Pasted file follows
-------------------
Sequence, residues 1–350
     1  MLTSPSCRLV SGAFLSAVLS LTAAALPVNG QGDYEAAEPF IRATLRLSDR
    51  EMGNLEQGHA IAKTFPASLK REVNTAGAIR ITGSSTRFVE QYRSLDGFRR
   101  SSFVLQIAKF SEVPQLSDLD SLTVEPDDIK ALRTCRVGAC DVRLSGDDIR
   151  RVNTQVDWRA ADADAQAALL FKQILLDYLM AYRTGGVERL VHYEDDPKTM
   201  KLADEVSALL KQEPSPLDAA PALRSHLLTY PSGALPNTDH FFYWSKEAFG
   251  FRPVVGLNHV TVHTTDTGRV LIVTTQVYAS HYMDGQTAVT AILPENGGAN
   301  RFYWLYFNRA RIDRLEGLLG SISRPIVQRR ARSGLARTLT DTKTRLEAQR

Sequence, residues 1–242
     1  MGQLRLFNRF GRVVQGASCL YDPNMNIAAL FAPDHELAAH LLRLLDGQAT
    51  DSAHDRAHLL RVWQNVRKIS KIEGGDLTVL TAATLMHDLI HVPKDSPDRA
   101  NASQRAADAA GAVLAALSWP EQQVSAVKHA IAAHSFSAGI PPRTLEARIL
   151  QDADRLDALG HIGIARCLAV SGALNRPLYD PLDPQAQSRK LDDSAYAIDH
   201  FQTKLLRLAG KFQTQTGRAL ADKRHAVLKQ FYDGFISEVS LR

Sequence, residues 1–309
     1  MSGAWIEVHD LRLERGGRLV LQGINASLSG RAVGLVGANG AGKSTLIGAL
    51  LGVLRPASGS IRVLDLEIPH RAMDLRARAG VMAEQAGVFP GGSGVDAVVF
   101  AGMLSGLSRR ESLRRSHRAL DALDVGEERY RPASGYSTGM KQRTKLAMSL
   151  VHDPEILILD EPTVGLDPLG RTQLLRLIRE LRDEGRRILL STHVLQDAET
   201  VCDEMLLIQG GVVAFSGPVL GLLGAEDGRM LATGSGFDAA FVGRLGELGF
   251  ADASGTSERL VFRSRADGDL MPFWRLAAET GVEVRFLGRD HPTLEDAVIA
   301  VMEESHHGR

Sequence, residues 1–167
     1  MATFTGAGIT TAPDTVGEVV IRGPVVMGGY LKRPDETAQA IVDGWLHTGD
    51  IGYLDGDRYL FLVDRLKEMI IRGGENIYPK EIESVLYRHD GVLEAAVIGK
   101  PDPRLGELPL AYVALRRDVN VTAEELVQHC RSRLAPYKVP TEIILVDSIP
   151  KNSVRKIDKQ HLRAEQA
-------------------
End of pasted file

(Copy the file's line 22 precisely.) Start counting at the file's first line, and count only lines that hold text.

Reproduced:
   301  VMEESHHGR